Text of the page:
Differences between DOpus and Explorer

I am trying to understand a couple of differences in behaviour between DOpus and Explorer.

I have downloaded from the Windows 7 Forums, a registry hack which allows the user to take ownership of files or folders. The code is as follows:

Windows Registry Editor Version 5.00


@="Take Ownership"

@="cmd.exe /c takeown /f \"%1\" && icacls \"%1\" /grant administrators:F"
"IsolatedCommand"="cmd.exe /c takeown /f \"%1\" && icacls \"%1\" /grant administrators:F"


@="Take Ownership"

@="cmd.exe /c takeown /f \"%1\" /r /d y && icacls \"%1\" /grant administrators:F /t"
"IsolatedCommand"="cmd.exe /c takeown /f \"%1\" /r /d y && icacls \"%1\" /grant administrators:F /t"


@="Take Ownership"

@="cmd.exe /c takeown /f \"%1\" && icacls \"%1\" /grant administrators:F"
"IsolatedCommand"="cmd.exe /c takeown /f \"%1\" && icacls \"%1\" /grant administrators:F"

The effect is to add a Take Ownership option to the context menu which is displayed when you right-click a file or folder. The user is granted ownership when that option is selected.

This works well in both DOpus and Explorer when a folder is selected, but when a file is selected, the Take Ownership is not offered by DOpus, although is it offered by Explorer as shown in the following screen shots:

It is the same file, in the same folder in each case, and I have tried a number of different files all with the same result.

The other curiosity is illustrated by the same screen shots, which is why I have asked my second question in the same post - sorry.

The file I chose to exemplify the first question happens to be called New Button.dcf. This shows clearly in the DOpus screen shot, but Explorer shows it as just New Button. I have checked the Explorer Folder Options and all looks to be OK there, and all other extensions are showing correctly in Explorer. As I hardly ever use Explorer, I'd probably never have found this had it not been for the first problem, which prompted me to try it.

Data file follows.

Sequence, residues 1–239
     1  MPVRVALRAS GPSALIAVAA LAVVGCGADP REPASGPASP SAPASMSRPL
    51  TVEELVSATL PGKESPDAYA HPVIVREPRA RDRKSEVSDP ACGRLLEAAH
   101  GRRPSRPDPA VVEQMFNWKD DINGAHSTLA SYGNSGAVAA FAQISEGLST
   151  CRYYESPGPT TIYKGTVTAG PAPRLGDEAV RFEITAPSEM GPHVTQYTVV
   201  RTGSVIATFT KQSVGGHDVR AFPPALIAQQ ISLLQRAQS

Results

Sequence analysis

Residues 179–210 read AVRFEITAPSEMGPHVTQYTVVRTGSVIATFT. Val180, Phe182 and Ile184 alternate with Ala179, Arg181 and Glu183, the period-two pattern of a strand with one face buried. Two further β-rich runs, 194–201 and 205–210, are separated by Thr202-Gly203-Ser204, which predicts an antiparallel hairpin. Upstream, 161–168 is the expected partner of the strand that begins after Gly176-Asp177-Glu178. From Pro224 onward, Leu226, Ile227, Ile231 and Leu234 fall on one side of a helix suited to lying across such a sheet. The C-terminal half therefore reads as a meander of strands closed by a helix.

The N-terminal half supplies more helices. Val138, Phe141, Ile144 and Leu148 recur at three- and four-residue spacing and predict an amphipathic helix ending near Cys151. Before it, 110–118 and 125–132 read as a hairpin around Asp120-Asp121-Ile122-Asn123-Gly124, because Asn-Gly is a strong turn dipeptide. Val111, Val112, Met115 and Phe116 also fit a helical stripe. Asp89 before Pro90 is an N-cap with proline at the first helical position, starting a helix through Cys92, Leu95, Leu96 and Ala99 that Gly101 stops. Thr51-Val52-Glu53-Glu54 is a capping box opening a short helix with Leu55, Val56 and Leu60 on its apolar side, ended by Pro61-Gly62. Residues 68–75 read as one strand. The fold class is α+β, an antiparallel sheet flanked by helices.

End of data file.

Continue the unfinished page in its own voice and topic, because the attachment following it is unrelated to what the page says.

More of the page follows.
In case it is relevant, Explorer Replacement in DOpus is set as Replace Explorer for all system folders.

I suspect you have Opus configured to hide Windows context menu items. Does it appear if you hold shift?

As an aside, it seems like a reeeeeeeeally bad idea to replace the runas action. Why on earth do they suggest you do that (and break an existing thing which does something unrelated) rather than create a new action? Perhaps I've misunderstood something but that seems like bad advice.

Hmm, actually, the * key doesn't seem to have a runas action by default (at least on Win7) so maybe it's not as bad as I thought. Still seems a very odd choice to me, and the first line of the registry script deletes any existing runas action (so it seems like it's expecting to replace something, not create it).

Edit: Ahh, I guess it's using runas to trick the shell into elevating the command. I guess that's one way to do it...

[quote="leo"]I suspect you have Opus configured to hide Windows context menu items. Does it appear if you hold shift?[/quote]No, Leo...

I've never exercised that option. (You made me uncertain, and I DID check. :slight_smile: )

Re the actual registry code, I have just taken that on trust, after a number of the Windows 7 Forums members reported that it had worked for them.